In this equation the subscript indicates the \(n\)th bus out of \(N\), so a simulation with five buses looks like this:
Okay, so this is starting to more closely resemble a bus route. However, the buses are still moving at a constant speed, and have no effect on each other. In order for our model to exhibit the richer characteristics of a system that can bunch, there must be some way for their speed to be a function of conditions on the road.
There are many factors that can control the speed of a bus traveling through town, including traffic, construction, scheduled layovers, and the number of passengers. In order to keep the model simple, we will focus on the last factor: the number of passengers who board and exit the bus. A traveling bus constantly picks up and drops off passengers as it makes its way around its route. This process takes time (as anyone who has watched a passenger fumble with change upon boarding knows). A bus that boards and deposits more passengers will, in general, make slower progress along its route.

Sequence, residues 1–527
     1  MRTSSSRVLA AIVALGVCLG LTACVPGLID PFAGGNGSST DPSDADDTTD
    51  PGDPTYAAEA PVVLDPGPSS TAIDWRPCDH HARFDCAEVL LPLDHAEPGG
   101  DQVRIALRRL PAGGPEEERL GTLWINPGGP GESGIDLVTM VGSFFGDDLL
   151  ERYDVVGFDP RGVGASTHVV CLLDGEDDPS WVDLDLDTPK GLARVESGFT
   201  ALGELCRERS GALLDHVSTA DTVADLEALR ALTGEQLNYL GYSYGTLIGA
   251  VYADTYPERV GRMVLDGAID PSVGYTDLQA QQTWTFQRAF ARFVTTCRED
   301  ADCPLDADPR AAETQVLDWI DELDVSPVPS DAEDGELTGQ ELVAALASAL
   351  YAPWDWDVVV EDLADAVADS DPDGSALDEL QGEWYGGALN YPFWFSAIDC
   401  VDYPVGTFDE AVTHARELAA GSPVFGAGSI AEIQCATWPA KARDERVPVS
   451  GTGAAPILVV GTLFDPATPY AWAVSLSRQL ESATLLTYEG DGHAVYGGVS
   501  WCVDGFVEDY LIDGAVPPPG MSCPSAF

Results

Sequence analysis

Many things affect the number of passengers boarding a given bus, including timeofday, scheduling, and population density. In order to keep the model as simple as possible, we will ignore those and concentrate on a single factor: the amount of time since the previous bus. We will assume that as more time passes, more passengers arrive at a bus stop for pickup. If a bus falls behind schedule, more people will have arrived at each stop, meaning that it will be further slowed down by the excess passengers. In the following analysis, we will use the distance between buses as a proxy for the number of passengers that need to be picked up.
We need to augment our model to account for this slowingdown behavior. The expression for speed in equation \eqref{constant} is a constant, so the nextsimplest expression is to make it linear in the distance between buses (our proxy for the number of passengers):